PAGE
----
Mechanisms regulating skeletal muscle satellite cell cycle progression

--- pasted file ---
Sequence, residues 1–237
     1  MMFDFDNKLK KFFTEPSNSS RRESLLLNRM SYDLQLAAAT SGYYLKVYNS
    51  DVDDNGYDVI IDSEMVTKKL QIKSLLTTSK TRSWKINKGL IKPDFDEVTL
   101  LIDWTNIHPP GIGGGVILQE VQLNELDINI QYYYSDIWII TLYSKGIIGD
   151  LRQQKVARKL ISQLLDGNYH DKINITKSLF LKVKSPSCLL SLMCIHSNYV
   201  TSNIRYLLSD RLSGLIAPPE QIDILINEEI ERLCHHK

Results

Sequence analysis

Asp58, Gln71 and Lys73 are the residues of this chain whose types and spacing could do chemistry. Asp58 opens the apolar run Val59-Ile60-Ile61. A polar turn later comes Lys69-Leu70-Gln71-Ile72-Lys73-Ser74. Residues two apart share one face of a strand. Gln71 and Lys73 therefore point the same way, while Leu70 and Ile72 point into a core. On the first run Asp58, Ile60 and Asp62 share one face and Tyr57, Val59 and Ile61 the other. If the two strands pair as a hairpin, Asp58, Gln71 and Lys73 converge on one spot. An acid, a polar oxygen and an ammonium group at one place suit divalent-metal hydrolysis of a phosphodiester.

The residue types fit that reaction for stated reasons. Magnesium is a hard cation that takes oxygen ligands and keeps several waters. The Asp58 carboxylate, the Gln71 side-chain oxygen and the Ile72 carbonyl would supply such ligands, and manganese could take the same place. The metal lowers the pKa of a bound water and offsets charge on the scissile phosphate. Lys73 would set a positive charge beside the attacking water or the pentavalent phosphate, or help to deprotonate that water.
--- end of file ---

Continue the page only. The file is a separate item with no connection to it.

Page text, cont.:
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[ACCESS RESTRICTED TO THE UNIVERSITY OF MISSOURI AT REQUEST OF AUTHOR.] Skeletal muscle fibers are multinucleated with each myonucleus capable of governing a finite cytoplasmic volume. In healthy skeletal muscle, myonuclear number decreases with muscle atrophy and fiber damage and increases with hypertrophy, to maintain a constant myonuclear to cytoplasmic ratio. Myonuclei are post-mitotic, therefore, the repair, regrowth, and hypertrophy of skeletal muscle relies on satellite cells, muscle precursor cells located between the basal lamina and plasmalemma of mature muscle fibers. Since decreased satellite cell proliferation may limit the regrowth of old skeletal muscle following atrophy or damage, it is important to understand the mechanisms that control satellite cell proliferation to enable the development of countermeasures to treat muscle atrophy that occurs with age. Adenoviral infection of primary satellite cells with the forkhead transcription factor FoxO3a decreased satellite cell cycle progression; this process occurred, in part, through increases in the promoter activity and protein levels of the cyclin dependent kinase (cdk) inhibitor p27superscript Kip1], without altering p21[superscript Waf/Cip1] or cyclin D1 -CDK 4/6 activity. Conversely, increases in satellite cell cycle progression following adenoviral infection of Sirt1 were associated with a decrease in the cyclin dependent kinase inhibitor p21[superscript Waf/Cip1], increased p27[superscript Kip1], and increased cyclin D1 -CDK4/6 activity. In summary, it is speculated that these studies suggest that increasing FoxO3a expression alters factors that would decrease cell cycle progression of primary satellite cells, and this inhibition is likely through the inhibition of cyclin E -CDK2 and/or cyclin A -CDK2 activities via increases in p27[superscript Kip1]. Also, increasing the expression of Sirt1 increases satellite cell cell cycle progression by decreasing the expression levels of p21[superscript Waf/Cip1]. These studies are important for the understanding of the mechanisms that regulate satellite cell proliferation, more specifically, these studies have contributed to the understanding of two molecules that control satellite cell proliferation, FoxO3a and Sirt1.
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